‘Wake up call’: Sydneysider in their 30s among those in intensive care

·News Reporter
·2-min read

A NSW person aged in their 30s is one of seven people in intensive care for Covid-19 in what has been called a “wake up call”.

The state reported 27 new cases of Covid-19 on Wednesday with a lockdown which was due to end late Friday extended by another seven days to quell the surge in cases.

Chief Health Officer Kerry Chant told reporters the case in ICU is a “bit of a wake up call to young people”.

NSW Chief Health Officer Dr Kerry Chant speaks during at a Covid-19 update and press conference in Sydney, Australia.
NSW Chief Health Officer Dr Kerry Chant said of seven people in the ICU one is aged under 35. Source: Getty Images

“So the fact that 37 patients have been admitted to hospital should indicate to the community the fact that Covid is, including the Delta strain, is not a mild disease,” she said.

“It can be mild in some but for many it can lead to hospitalisation and death.”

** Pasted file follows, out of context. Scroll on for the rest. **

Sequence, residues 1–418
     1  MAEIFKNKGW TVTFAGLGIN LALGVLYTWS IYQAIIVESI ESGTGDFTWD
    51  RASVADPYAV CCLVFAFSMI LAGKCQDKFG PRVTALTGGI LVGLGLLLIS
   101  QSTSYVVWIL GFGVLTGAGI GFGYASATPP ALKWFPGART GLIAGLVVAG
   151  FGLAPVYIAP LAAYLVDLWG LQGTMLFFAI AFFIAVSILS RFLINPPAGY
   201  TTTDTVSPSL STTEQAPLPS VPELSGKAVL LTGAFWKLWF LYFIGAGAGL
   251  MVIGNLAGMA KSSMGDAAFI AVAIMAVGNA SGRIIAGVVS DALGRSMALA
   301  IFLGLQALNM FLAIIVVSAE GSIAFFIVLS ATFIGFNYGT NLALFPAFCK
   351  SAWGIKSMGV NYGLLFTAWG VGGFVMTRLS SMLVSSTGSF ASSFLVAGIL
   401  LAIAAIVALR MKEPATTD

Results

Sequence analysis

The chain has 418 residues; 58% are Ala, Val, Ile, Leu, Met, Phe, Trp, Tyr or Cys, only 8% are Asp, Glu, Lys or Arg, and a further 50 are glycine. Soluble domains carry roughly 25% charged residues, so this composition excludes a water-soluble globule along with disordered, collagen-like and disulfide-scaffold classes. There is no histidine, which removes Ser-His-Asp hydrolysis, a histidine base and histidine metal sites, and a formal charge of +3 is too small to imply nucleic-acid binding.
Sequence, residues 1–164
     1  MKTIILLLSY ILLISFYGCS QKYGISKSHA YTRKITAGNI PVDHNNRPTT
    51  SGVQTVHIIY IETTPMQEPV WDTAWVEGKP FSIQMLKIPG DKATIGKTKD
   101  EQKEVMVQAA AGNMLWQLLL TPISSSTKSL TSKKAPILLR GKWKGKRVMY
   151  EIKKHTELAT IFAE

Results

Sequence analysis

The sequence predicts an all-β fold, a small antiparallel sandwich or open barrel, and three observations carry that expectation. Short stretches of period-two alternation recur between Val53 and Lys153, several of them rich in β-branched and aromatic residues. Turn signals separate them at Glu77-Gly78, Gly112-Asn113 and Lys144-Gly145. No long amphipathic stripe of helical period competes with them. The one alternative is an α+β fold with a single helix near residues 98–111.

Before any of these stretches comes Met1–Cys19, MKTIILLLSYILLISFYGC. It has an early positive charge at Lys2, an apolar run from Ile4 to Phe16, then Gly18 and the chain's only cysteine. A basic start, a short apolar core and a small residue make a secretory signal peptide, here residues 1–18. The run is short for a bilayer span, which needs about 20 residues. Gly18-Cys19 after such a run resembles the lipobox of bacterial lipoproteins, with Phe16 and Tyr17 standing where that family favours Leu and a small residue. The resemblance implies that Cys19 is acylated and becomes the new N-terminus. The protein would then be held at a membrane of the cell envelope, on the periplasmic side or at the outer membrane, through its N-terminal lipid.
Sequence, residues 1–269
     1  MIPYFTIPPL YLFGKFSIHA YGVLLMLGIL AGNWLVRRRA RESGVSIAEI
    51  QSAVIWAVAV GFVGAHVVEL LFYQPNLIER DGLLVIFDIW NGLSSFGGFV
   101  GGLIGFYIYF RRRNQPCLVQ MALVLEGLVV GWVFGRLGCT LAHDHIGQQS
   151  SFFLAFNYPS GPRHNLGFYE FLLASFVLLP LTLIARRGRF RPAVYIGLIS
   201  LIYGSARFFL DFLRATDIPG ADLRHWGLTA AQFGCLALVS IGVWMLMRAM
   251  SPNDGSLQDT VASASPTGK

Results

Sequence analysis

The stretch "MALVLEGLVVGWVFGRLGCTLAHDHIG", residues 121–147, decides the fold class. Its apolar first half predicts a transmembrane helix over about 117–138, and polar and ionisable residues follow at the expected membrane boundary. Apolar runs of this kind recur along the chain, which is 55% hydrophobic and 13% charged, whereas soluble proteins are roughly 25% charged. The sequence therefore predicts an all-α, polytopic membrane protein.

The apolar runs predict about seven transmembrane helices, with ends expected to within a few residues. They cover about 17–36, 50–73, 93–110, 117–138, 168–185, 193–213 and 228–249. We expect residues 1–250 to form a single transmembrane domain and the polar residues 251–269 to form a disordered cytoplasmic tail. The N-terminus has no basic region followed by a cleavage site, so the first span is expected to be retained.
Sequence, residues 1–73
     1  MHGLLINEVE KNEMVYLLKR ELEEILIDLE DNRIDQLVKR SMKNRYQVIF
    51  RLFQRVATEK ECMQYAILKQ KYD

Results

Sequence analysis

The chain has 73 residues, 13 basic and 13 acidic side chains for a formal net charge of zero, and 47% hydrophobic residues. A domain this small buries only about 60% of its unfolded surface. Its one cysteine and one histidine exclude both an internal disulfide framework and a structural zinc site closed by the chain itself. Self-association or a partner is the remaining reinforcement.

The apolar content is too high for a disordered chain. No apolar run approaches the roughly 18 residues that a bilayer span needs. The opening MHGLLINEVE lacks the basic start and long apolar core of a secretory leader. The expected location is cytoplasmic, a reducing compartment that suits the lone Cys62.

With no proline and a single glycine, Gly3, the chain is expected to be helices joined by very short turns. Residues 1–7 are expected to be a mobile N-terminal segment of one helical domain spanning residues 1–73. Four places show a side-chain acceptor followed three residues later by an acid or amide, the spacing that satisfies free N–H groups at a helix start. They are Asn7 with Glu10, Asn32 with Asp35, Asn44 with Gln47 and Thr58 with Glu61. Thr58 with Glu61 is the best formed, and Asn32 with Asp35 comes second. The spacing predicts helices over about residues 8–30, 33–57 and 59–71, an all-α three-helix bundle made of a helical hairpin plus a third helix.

She added 14 of the 37 admitted to hospital are under the age of 55 “which should dispel the myth that this is something that only impacts on the elderly”.

“Of those, eight are under the age of 35. Again, dispelling that myth that it only leads to hospitalisation for the elderly,” Dr Chant said.

People exercise on the boardwalk at Bondi Beach in Sydney.
People walk along Bondi Beach during lockdown. Source: AAP

‘Young people don’t need a wake up call’

The CHO’s comments had a few people on Twitter frustrated particularly as many Australians aged under 40 are having issues obtaining vaccinations. Last week, Queensland’s Chief Health Officer Jeannette Young told the media under-40s should not get AstraZeneca.

“The young people don’t need a wake up call, they need vaccinations,” one woman tweeted.

Another woman called it a “travesty” while others called it “insulting”.

“Surely this is not a wake up call for anyone who’s been paying any attention to the events of the last 12 months in other countries,” another woman tweeted.

The limousine driver at the centre of the outbreak is aged in his 60s and is eligible for the AstraZeneca vaccine. He had been transporting airline crew from Sydney Airport.

But he told A Current Affair he chose not to get vaccinated due to a family history of blood clotting.

His infection and the subsequent outbreak have been blamed on government policy.

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